sort of political pressure the GOV might apply. The GOG
would under no circumstances make political concessions,
Ibarra said, and would maintain relationships with
international commercial suppliers in the meantime. Ibarra
acknowledged the potential downsides of signing any
PetroCaribe agreement.



4. (C) MFA Director General Carlos Morales, who also
participated in the meeting with the GOV/PDVSA delegation,

offered further details during a separate, February 20
conversation with Pol/Econ Couns. Energy and Mines Minister
Carlos Meany, who had led GOG participation in the meeting,
had insisted on a detailed, almost day-long discussion of
Guatemala's energy needs, frustrating the Venezuelans' rush
to sign an agreement. Meany described Guatemala's current
power sources and the relative costs of each. Most expensive
was power purchased from Tampa Electric Co., a subsidiary of
Teco Energy, which had signed a lucrative deal in the early
QTeco Energy, which had signed a lucrative deal in the early
1990's to build a 78-megawatt, diesel-fueled generation
plant, called Alborada. Per the terms of the agreement,
Tampa receives $21.5 million per year simply for maintaining
its plant. Guatemala draws from the plant only at times of
peak usage, as power supplied by the plant costs almost four
times as much per unit as does hydro-electric power. (These
high costs reflect both current world oil prices and the
terms of Tampa's agreement with the GOG.) Minister Meany
told the Venezuelans that for now he would be interested in
having Petrocaribe provide only enough fuel oil to substitute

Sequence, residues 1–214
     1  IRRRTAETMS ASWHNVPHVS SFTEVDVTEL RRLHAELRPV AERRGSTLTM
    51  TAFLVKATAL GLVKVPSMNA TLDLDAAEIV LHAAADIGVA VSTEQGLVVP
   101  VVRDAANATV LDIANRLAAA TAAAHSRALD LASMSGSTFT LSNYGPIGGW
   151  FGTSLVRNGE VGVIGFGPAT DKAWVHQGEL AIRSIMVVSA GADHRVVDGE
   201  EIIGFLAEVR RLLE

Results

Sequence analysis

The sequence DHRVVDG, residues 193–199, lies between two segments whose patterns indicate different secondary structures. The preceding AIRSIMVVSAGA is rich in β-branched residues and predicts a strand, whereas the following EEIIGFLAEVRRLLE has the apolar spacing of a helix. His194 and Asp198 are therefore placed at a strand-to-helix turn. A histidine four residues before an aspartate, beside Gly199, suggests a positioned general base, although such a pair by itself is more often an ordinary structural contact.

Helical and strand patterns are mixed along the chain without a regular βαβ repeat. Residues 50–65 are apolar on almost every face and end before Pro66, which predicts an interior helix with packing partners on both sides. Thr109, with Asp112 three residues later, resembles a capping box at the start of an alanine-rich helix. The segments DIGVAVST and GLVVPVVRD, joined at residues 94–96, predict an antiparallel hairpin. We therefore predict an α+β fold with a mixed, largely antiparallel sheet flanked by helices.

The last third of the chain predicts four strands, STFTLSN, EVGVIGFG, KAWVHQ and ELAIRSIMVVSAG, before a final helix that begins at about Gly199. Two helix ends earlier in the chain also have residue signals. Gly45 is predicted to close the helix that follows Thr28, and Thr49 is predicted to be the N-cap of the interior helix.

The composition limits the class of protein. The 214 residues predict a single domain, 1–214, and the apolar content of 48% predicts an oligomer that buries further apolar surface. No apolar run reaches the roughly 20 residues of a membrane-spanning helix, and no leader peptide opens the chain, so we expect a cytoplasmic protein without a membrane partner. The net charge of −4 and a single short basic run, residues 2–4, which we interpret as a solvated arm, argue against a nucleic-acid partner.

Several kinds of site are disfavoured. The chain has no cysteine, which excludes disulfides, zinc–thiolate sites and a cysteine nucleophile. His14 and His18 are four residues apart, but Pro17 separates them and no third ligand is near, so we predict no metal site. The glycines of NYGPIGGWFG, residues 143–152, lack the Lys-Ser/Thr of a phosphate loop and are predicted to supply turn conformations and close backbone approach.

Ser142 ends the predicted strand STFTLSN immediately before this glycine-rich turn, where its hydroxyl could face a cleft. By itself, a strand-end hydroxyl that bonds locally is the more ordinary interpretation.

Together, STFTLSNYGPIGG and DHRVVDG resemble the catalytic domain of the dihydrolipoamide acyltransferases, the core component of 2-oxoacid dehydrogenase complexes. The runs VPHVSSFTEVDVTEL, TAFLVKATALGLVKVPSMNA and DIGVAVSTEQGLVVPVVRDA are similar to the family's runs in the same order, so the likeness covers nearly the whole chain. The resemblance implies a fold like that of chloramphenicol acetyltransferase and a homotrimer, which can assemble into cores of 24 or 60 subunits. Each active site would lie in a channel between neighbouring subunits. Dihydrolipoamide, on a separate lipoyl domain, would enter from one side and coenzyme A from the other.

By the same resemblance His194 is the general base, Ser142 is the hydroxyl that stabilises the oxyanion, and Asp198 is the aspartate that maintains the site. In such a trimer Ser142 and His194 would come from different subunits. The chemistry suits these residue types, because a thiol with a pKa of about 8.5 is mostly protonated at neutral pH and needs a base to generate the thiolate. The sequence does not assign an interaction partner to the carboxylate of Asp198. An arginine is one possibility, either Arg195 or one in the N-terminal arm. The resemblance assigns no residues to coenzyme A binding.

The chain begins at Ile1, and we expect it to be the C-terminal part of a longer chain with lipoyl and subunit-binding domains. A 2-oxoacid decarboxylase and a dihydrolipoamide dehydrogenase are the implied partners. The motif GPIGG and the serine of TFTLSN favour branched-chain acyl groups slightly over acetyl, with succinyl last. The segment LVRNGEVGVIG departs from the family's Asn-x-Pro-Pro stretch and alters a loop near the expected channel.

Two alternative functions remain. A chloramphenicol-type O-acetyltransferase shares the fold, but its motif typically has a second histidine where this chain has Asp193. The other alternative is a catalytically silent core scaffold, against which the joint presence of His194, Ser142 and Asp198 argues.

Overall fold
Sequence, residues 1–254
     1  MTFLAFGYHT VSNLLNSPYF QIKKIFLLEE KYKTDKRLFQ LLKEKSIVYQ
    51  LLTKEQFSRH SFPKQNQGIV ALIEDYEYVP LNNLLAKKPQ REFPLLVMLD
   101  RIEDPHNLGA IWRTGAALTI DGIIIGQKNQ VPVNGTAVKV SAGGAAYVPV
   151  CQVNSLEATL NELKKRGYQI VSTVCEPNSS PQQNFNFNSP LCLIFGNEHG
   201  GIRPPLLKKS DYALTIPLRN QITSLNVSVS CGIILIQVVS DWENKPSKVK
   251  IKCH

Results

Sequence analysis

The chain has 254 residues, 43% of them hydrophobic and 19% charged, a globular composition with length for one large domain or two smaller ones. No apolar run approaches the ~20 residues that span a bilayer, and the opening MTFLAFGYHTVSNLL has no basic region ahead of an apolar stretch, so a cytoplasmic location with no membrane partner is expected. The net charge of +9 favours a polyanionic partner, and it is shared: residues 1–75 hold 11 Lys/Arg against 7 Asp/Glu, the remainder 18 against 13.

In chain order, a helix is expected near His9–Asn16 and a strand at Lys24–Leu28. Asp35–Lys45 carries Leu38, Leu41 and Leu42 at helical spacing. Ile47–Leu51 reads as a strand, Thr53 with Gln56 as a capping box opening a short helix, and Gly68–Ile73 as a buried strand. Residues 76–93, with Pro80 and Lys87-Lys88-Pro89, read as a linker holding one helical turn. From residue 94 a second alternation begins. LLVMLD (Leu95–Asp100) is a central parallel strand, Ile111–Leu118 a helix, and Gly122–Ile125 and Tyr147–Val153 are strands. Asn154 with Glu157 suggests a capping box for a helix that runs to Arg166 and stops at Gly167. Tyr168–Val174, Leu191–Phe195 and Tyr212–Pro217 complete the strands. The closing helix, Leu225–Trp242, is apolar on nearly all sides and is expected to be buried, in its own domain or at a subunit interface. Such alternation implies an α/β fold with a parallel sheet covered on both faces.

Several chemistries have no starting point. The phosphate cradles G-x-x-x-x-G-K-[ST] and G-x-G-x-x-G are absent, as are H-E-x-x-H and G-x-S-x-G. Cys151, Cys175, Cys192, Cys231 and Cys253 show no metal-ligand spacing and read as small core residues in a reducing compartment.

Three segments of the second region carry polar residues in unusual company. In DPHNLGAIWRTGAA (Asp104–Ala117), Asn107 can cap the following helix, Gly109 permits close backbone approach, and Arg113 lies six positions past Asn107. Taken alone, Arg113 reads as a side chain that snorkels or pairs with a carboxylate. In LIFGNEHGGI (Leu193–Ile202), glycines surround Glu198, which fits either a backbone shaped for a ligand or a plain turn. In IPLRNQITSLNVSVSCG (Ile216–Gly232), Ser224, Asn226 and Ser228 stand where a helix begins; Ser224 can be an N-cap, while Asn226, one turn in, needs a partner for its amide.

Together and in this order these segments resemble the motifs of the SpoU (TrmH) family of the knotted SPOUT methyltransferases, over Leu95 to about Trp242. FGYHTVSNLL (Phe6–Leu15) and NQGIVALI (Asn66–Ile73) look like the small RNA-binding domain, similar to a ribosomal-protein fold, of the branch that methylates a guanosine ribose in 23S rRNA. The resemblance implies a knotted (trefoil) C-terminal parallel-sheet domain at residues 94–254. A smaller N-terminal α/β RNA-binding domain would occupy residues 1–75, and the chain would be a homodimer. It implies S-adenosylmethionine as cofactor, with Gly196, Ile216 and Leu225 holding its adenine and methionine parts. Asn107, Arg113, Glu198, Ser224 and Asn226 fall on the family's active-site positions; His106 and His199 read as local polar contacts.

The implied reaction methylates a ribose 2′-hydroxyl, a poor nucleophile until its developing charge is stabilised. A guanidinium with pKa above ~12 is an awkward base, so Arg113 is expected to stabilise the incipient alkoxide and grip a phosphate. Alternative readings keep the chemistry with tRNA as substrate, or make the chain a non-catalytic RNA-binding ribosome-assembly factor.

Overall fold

Alborada's limited output. Meany has since been quoted in
the press as saying that the GOG may try to buy out its
contract with Tampa Electric, which is supposed to run
through 2013. Only if the GOG is able to buy its way out of
the Tampa contract would it then sign a PetroCaribe deal,
Morales said. (Comment: We note that there is a significant
discrepancy between Morales' stated understanding of the
outcome of the meeting, and that of Ibarra, his superior at
the MFA.)



5. (C) Morales said that the Venezuelan delegation had left
displeased that the GOG had been unwilling to immediately

sign an agreement, as some other Central American countries
had done. Nonetheless, the Venezuelans would return during
early March to enter into a more detailed negotiation. The
GOG perceives that a PetroCaribe deal could help meet two of
its principal objectives, Morales said: it would furnish an
urgently needed additional source of energy, and the GOV's
willingness to receive payment in agricultural products would
contribute to the Colom Government's objective of increasing
market opportunities for small farmers. The GOG would
purchase foodstuffs from small farmers' cooperatives for
transfer to the GOV.



6. (C) Comment: Minister of Energy and Mines Meany
previously told Embassy that there is presidential pressure
to sign a PetroCaribe deal quickly. While some in the Colom
Administration have concerns over embarking on this new
commercial relationship with Caracas, others believe that the
potential for addressing energy needs at low prices is worth
the risk.
Derham